Ancient Greek Philosophy

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Ancient Greek philosophy arose in the 6th century BCE and continued throughout the Hellenistic period and the period in which Ancient Greece was part of the Roman Empire. It dealt with a wide variety of subjects, including political philosophy, ethics, metaphysics, ontology, logic, biology, rhetoric, and aesthetics. Greek philosophy has influenced much of Western culture since its inception. Clear, unbroken lines of influence lead from ancient Greek and Hellenistic philosophers to Early Islamic philosophy, the European Renaissance and the Age of Enlightenment.

Pre-Socratic philosophy

Socrates (as presented by Plato) influenced so much subsequent philosophic tradition that it is conventional to refer to philosophy developed prior to Socrates as pre-Socratic philosophy. These philosophers were primarily concerned with cosmology, ontology and mathematics. They were distinguished from "non-philosophers" insofar as they rejected mythological explanations in favor of reasoned discourse.

Thales of Miletus, regarded by Aristotle as the first philosopher, inspired the Milesian school of philosophy and was followed by Anaximander and then Anaximenes.

Pythagoras, who is said to have been a disciple of Anaximander, founded an influential school that sought to reconcile religious belief and reason.

Heraclitus was also an influential pre-socratic, whose philosophy was famously contended by Parmenides, the founder of the Eleatic philosophy. Empedocles and Anaxagoras were important philosophers influenced by Parmenides.

Protagoras was, according to Plato, the first man to call himself a "sophist." Prodicus, Gorgias, Hippias, and Thrasymachus are sophists that appear in various dialogues by Plato.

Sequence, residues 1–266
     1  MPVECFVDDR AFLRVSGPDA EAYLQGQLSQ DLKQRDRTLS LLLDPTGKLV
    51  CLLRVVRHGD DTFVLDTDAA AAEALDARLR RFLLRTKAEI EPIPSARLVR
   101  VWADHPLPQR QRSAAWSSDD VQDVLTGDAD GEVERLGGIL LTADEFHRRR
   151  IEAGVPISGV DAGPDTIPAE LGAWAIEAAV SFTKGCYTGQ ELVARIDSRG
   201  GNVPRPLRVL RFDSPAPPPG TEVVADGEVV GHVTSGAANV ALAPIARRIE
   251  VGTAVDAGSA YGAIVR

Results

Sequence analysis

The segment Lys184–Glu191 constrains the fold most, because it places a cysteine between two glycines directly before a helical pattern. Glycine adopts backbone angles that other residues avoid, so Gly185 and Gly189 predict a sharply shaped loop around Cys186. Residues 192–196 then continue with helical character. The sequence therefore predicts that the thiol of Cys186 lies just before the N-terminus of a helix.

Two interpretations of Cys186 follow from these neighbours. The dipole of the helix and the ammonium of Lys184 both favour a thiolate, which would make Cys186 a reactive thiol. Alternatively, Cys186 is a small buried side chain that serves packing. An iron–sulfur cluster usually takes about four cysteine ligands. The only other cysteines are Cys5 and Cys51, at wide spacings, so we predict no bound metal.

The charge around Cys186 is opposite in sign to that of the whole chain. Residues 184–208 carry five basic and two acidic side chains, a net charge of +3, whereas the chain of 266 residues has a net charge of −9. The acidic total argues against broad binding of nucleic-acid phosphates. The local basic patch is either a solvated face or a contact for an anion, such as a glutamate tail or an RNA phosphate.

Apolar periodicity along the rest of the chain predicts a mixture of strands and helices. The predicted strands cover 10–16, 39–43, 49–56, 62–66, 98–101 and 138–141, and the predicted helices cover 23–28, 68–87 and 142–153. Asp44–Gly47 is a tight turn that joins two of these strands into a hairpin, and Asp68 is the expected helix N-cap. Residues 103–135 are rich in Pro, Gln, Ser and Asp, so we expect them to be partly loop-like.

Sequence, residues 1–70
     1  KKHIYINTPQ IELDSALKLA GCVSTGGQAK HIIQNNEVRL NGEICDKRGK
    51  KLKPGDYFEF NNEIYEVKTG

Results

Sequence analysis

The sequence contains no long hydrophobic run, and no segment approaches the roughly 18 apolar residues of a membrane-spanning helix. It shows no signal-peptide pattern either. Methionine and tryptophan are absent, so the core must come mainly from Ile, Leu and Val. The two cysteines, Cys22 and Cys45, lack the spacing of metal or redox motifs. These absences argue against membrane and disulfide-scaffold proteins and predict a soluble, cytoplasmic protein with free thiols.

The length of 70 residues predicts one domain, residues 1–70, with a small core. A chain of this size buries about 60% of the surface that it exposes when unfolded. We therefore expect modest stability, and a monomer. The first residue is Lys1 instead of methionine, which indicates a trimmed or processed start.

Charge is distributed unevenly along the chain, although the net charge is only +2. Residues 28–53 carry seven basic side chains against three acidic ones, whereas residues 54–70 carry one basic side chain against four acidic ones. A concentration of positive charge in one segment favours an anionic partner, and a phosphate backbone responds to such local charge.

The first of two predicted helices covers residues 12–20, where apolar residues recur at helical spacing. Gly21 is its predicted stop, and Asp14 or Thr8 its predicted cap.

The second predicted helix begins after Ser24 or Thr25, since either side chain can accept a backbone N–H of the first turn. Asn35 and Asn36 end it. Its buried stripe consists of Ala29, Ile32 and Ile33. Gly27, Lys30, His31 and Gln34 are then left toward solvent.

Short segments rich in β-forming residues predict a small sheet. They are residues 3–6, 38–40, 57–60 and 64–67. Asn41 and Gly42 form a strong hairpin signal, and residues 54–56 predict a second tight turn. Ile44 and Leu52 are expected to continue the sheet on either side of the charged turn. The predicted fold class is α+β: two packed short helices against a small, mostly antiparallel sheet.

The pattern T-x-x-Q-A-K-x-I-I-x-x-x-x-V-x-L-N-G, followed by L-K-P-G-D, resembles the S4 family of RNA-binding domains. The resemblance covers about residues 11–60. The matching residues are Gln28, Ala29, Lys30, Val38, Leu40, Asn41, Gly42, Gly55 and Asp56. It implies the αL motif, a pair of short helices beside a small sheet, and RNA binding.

Classical Greek philosophy

Socrates marks a watershed in ancient Greek philosophy. Cicero credits him as "the first who brought philosophy down from the heavens, placed it in cities, introduced it into families, and obliged it to examine into life and morals, and good and evil." Numerous subsequent philosophical movements were inspired by Socrates or his younger associates:

  • Plato casts Socrates as the main interlocutor in his dialogues, deriving from them the basis of Platonism.
  • Plato's student Aristotle in turn criticized and built upon the doctrines he ascribed to Socrates and Plato, forming the foundation of Aristotelianism.
  • Antisthenes founded the school that would come to be known as Cynicism and accused Plato of distorting Socrates' teachings.
  • Zeno of Citium in turn adapted the ethics of Cynicism to articulate Stoicism.
  • Epicurus studied with Platonic and Stoic teachers before renouncing all previous philosophers.

Hellenistic philosophy

During the Hellenistic and Roman periods, many different schools of thought developed in the Hellenistic world and then the Greco-Roman world. There were Greeks, Romans, Egyptians, Syrians and Arabs who contributed to the development of Hellenistic philosophy. Elements of Persian philosophy and Indian philosophy also had an influence. The most notable schools of Hellenistic philosophy were:

  • Neoplatonism: Plotinus (Egyptian), Ammonius Saccas, Porphyry (Syrian), Iamblichus (Syrian), Proclus and Hypatia.
  • Academic Skepticism: Arcesilaus, Carneades, Cicero (Roman)
  • Pyrrhonian Skepticism: Pyrrho, Sextus Empiricus
  • Cynicism: Antisthenes, Diogenes of Sinope, Crates of Thebes (taught Zeno of Citium, founder of Stoicism)
  • Stoicism: Zeno of Citium, Cleanthes, Chrysippus, Crates of Mallus (brought Stoicism to Rome c. 170 BCE), Panaetius, Posidonius, Seneca (Roman), Epictetus (Greek/Roman), Marcus Aurelius (Roman)
  • Epicureanism: Epicurus (Greek) and Lucretius (Roman)
  • Eclecticism: Cicero (Roman)